THE UNIVERSITY OF WASHINGTON ALUMNI MAGAZINE
Tunnel Creator Honored by Scholarship
For centuries the Cascade Mountain Range was a formidable barrier between the Pacific Ocean and the eastern inland. Until the 1910s, the only access was by way of footpaths, railroads or the Columbia River, a daunting waterway hosting turbulent rapids, landslides and sheer rocky cliffs. As cars and trucks became more common, it became clear that a highway was needed.
The Mitchell Point Tunnel on Oregon's original Columbia River Highway was engineered by John Elliott, '09, '29. Blasted through solid rock, it featured five windows overlooking the river. Photos courtesy Special Collections, University Libraries.
John Arthur Elliott, '09,'29, an engineer for the Columbia River Highway construction project, was charged with identifying the least obtrusive way to open the country's scenic beauty to motor travelers. Elliott was inspired by a photo of a tunnel in Lucerne, Switzerland, which had four windows looking out on Lake Uri and the Alps, and he thought a similar design could be used along Mitchell Point, a prominent cliff on the Columbia River's edge. But building a tunnel carved entirely from the riverbank's natural cliff presented a huge engineering challenge. Contractors with years of experience would have no part of the project.
Elliott forged ahead with support from the Oregon State Highway Commission and the U.S. Geological Service and completed the tunnel in eight months. The finished product had five arched windows through which travelers could see the flowing Columbia River and-on clear days-the snowy peaks of Mount St. Helens and Mount Rainier. The Mitchell Point Tunnel was both a feat of engineering and a work of art.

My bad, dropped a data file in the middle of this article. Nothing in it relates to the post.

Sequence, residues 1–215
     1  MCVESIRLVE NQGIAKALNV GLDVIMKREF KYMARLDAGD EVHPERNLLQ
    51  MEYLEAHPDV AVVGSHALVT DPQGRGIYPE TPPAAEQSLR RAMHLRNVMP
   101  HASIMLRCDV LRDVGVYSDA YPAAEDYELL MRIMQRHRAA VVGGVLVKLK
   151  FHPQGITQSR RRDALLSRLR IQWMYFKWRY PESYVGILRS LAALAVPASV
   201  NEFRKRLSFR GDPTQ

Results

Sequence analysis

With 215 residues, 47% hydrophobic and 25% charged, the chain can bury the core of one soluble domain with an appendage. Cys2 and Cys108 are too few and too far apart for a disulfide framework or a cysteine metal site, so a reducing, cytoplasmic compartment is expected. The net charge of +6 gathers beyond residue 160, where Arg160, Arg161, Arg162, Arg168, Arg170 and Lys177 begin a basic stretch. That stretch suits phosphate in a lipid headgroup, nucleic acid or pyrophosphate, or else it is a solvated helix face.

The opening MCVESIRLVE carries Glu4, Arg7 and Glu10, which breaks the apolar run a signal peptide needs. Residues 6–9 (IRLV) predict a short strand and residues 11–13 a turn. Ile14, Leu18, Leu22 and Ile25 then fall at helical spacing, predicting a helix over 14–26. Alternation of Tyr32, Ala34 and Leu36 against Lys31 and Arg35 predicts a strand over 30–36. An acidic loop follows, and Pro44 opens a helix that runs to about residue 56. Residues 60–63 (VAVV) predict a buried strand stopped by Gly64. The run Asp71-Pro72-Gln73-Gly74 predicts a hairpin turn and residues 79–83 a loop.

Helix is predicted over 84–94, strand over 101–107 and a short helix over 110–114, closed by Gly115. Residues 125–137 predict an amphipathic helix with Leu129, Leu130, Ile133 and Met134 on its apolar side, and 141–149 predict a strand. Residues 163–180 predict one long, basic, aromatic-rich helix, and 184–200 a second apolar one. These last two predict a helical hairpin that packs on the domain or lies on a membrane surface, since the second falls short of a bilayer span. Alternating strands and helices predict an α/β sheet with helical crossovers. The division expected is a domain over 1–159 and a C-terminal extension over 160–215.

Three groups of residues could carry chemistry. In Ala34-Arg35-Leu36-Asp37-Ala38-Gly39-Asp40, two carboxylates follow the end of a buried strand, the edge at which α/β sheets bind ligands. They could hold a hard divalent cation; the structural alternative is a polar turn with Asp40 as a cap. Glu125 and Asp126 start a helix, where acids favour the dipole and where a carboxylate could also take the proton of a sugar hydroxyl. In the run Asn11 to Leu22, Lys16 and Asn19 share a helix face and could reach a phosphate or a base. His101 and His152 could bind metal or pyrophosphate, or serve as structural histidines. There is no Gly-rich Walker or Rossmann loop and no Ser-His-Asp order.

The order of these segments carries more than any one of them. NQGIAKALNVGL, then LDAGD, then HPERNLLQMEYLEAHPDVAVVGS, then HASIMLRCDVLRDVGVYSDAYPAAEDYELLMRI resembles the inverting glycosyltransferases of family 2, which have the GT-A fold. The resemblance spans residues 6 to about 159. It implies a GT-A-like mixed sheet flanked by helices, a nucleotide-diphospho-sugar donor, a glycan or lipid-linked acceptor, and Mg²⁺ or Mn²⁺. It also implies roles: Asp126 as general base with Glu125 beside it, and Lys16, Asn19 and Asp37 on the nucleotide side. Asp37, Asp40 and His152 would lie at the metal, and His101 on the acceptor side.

It was also the focus of family fun for Elliott's daughter Marjorie Elliott Bevlin. "A favorite Sunday outing was to take a picnic lunch up the highway and eat it by a stream or waterfall, and then go on and visit Daddy's tunnel," she says.
The tunnel served as a primary car and truck route along the Columbia until 1932, when Tooth Rock Tunnel was opened, offering an alternative route. In the 1950s Interstate Highway 84 was built for heavier traffic, and the narrow Mitchell Point Tunnel was permanently closed. State officials began to worry about the potential hazard of rock from the tunnel falling onto the highway below, and in 1966, 10 years after Elliott's death, contractors blasted the tunnel from the face of the cliff.
Although the tunnel is gone, Elliott's legacy lives on. To honor her father's accomplishments Bevlin has named the UW Department of Civil and Environmental Engineering as a beneficiary of her life insurance plan. The future gift will establish an endowed scholarship in John Arthur Elliott's name. The scholarship will be awarded to undergraduate students who share Elliott's awareness that engineering can improve function as well as nurture the spirit.